By Alex Rendon
By Monica McGivern
By Michele Eve Sandberg
By Alex Rendon
By Monica McGivern
By Ian Witlen
By Christina Mendenhall
By Michele Eve Sandberg
The gallery is essentially one medium-sized room with a few partitions, although there's a much tinier room in a rear corner that's typically darkened and used for video installations. But the glass wall at the front and the high ceiling promote a feeling of openness. That airiness is further enhanced by the even higher ceiling in the entryway, a long corridor and foyer that together often serve as spillover space for exhibitions.
The last time I visited the Schmidt was a year ago, for a small group show called "Corporal: Contemporary Women Artists from Latin America." It was compelling if uneven, with a strong didactic streak running through much of the work. The gallery's current group show, "Me, Myself & I," is also small and uneven, but it's richer, more satisfying.
Assembled by guest curators Paul Laster and Renée Riccardo, the exhibition includes 30 artists, each represented by a single work. There's an emphasis on photography, especially color imagery, although there are also works in oil, acrylic, and tempera and a handful of videos and sculptures.
The simple theme is self-portraiture, in the most expansive sense of the term. Such expansiveness could easily be an invitation to self-indulgence, especially in an academic setting. But W. Rod Faulds, director of FAU's galleries (the campus includes the Ritter as well as the Schmidt), has sidestepped that temptation by bringing in Laster and Riccardo from New York. As Faulds notes in the show's brochure, which folds out into a poster featuring all 30 works, the university occasionally invites "outside curators [with] special knowledge of particular genres of art or art centers such as New York City... to bring our students and the public into contact with emerging and newly established artists through thematic approaches to contemporary art."
A smart move, as the exhibition's diversity demonstrates. Confronted with art history's vast archives of self-portraiture, these artists, not surprisingly, look at themselves through the fractured lens (or lenses) of postmodernism. Even the most seemingly straightforward self-portraits here have a stringent twist of one sort or another.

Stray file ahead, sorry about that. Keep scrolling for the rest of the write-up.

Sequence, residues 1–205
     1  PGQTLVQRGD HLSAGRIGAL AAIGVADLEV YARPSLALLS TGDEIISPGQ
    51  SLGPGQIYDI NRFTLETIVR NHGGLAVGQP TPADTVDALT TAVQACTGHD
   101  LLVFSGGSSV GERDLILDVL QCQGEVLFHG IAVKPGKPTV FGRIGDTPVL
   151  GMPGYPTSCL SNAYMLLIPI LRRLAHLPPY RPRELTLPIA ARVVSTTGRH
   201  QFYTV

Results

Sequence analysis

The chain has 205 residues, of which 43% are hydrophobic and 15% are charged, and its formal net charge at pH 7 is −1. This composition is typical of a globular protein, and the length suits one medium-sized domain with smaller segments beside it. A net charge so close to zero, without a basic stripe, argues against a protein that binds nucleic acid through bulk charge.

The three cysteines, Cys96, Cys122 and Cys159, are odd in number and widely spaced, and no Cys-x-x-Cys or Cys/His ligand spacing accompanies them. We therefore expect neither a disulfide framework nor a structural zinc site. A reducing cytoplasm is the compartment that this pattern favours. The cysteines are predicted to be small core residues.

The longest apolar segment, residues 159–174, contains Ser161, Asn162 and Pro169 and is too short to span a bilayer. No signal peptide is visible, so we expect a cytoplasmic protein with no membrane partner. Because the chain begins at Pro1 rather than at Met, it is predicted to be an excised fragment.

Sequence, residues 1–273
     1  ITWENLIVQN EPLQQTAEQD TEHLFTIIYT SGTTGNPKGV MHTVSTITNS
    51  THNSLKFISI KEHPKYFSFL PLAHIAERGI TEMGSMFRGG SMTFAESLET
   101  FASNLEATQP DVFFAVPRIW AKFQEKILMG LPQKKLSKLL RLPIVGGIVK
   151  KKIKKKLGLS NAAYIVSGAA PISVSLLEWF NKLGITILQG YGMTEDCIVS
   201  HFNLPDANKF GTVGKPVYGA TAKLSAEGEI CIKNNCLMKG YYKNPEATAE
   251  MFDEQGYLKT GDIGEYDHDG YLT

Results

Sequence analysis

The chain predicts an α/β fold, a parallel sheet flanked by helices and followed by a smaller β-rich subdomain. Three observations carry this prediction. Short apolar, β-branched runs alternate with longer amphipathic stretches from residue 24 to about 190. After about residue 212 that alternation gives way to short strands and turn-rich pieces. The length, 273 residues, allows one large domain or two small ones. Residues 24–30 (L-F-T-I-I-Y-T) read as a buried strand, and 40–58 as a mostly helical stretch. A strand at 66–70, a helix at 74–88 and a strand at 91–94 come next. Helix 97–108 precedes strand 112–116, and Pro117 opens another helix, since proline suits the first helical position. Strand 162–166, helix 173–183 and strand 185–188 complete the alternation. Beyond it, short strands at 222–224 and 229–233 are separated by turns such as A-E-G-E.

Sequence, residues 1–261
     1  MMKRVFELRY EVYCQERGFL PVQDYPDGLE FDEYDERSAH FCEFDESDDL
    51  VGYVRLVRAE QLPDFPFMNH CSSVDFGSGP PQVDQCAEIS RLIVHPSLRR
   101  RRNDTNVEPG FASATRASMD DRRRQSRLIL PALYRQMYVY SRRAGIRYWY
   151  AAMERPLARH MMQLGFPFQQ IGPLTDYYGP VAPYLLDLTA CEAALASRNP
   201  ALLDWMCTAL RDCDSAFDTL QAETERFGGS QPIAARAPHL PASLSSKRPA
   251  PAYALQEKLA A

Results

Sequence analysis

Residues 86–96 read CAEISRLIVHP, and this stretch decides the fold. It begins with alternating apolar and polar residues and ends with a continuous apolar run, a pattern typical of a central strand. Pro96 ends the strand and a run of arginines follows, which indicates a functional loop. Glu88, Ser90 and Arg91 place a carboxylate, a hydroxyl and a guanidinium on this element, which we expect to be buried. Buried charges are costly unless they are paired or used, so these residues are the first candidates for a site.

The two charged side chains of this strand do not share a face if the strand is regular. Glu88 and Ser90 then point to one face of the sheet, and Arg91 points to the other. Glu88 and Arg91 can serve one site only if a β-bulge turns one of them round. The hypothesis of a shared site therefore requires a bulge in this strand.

Take Slater Bradley's My Doppelgänger as Ian Curtis in Charlatan Pose (vertical). Superficially, it's just a plexiglass-mounted C-print portraying a pensive young man leaning into a slender tree. But consider the implications: doppelgänger denotes a ghostly double, while charlatan suggests both fraud and the clown as artist's subject. Add to that the reference to Curtis, singer of the British band Joy Division, who killed himself on the cusp of the group's greatest success, and you have a self-portrait rife with ambiguity. It helps that Bradley really does resemble Curtis.
In her Negress #2, another C-print, Mickalene Thomas applies the charged title word to an iconic image of herself as a proud, flamboyant black woman, provocatively sprawled on a velvety chair and wearing an outrageously loud outfit. Nikki S. Lee slips into the guise of senior citizen and pairs herself with a real elderly woman on a rainy street corner for her Fujiflex color print The Seniors Project (12). Which woman is which? Dave McKenzie casts himself as a little bobblehead doll in the sculpture While Supplies Last. And Guy Richards Smit assumes his performance-artist alter ego as a rock star in the oil Self-Portrait, an image of a man, microphone in hand, clad only in a tiny bikini brief and an open shirt.
Tomoko Sawada ups the ante with ID400, #201-300 (detail), a composite of 100 gelatin silver prints. At first, they look like hundreds of old-fashioned yearbook photos of twins. A closer look reveals each portrait to be a panel of four identical shots. Finally, it becomes evident that each of these 100 "girls" is the photographer herself, hair, makeup, clothing, and facial expressions radically altered. Anthony Goicolea digitally replicates himself for the funny and disturbing C-print Last Supper, which would have been even more effective had he included 13 clones instead of eight.
Other artists transform themselves more drastically, with varying degrees of success. In the acrylic Contrite Heart, Sherry Wong portrays herself as Dante's Beatrice held captive by an anthropomorphic tree -- an intriguing idea not especially well-executed. And the joke falls flat in Can I test drive your vulva? (Variation Scallions), a garish oil in which artist Ken Weaver apparently sees himself literally as a clown when he asks for sex.
There are two graciously self-effacing transformations in which the artists disappear altogether: Jessica Rohrer continues her tradition of painting places where she lives, as in the untitled oil of a Brooklyn building seen here. Josh Smith's Untitled (Long Painting), displayed in the entry area, consists of two dozen oil panels, mounted to form a continuous horizontal strip, each with his name worked into abstract, expressionist-style doodling.
One of the show's standouts is by Mette Tommerup, a young Danish artist now based in Miami whose work was the highlight of the recent "All You Can Eat" exhibition at the Art and Culture Center of Hollywood. When she's at her best, which is very good indeed, Tommerup, who studied traditional painting and printmaking before going high-tech, digitally alters her imagery almost beyond recognition before mounting the results, in the form of lambda prints, on plexiglass. That's what she's done with O (Gray), a disk three feet in diameter in which a fleshy form seems to float in a sea of gray. Its elongated features are identifiably human, although beyond that, it's just about impossible to say what's what.